Over the last few months we have seen more and more fraud locally. Here is one common scenario that we have encountered numerous times over the last 3 months:
- Buyer finds a local Realtor over the internet.
- Buyer claims to be from China and is working on an oil rig or the captain of a boat (which happens to be out to sea).
- Buyer executes a contract sight unseen and provides it to the Selling Agent for further delivery to the Listing Agent.
- Buyer provides a copy of their overseas bank account statement reflecting millions in the account as well as a certified bank check for delivery to the Closing Agent.
In each instance:
- Buyer’s correspondence to the Closing Agent and Selling Agent have similar verbiage (not exact), facts, and misspellings.
- Closing Agent requested a wire in lieu of a certified bank check.
- Buyer explained that he spoke to his financial representative and was advised that a certified bank check would be the quickest and most convenient way to transfer money.
- Closing Agent requested to speak with their financial representative. In only one case was a name provided but after further diligence it was determined the financial representative was not legitimate.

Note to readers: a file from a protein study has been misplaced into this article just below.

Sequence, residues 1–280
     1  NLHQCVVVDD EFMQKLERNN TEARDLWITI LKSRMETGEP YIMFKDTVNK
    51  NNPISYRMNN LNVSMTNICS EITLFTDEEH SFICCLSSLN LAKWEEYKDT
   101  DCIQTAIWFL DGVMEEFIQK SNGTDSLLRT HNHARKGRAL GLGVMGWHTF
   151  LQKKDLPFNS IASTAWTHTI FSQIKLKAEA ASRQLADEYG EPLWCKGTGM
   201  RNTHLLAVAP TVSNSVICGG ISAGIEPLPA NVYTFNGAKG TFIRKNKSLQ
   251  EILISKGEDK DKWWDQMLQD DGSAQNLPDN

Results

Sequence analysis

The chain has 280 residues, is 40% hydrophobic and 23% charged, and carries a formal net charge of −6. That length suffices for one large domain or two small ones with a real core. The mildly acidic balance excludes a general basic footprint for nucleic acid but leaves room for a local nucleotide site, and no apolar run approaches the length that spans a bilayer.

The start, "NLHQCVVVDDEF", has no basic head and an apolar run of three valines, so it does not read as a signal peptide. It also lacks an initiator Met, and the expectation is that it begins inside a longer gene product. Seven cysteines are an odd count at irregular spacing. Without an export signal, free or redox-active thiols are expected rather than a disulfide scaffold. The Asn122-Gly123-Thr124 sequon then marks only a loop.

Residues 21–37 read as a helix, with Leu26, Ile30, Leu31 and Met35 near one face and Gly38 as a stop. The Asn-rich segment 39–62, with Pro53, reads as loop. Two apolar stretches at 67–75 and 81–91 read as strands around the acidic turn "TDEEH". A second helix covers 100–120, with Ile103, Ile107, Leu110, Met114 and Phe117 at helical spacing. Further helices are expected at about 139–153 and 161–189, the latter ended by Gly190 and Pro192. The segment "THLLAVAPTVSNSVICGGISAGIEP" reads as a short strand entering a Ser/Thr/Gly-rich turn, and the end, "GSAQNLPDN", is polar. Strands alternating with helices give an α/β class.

How can you better protect yourself?
- Ask the buyer the following questions: How did they hear of you? Do they want to physically see the property? Will they be sending all funds via a wire transfer?
- Analyze the correspondence they send you – any red flags?
- Are they continuing to push the need to use a certified bank check versus a wire?
- Do they only want to use a closing agent that will accept certified bank checks?
- Call your attorney and/or speak to your broker.
Thankfully the Selling Agents in the scenarios above were astute and immediately contacted an attorney with questions and information. Although it was not necessarily the intent of the Buyers to commit fraud on the Selling Agents, it was clearly an attempt to launder money through the Closing Agents trust account. If you suspect fraud or have any questions regarding the foregoing scenario, we urge you to consult with your real estate attorney.
Berlin Patten Ebling, PLLC
This communication is not intended to establish an attorney client relationship, and to the extent anything contained herein could be construed as legal advice or guidance, you are strongly encouraged to consult with your own attorney before relying upon any information contained herein.
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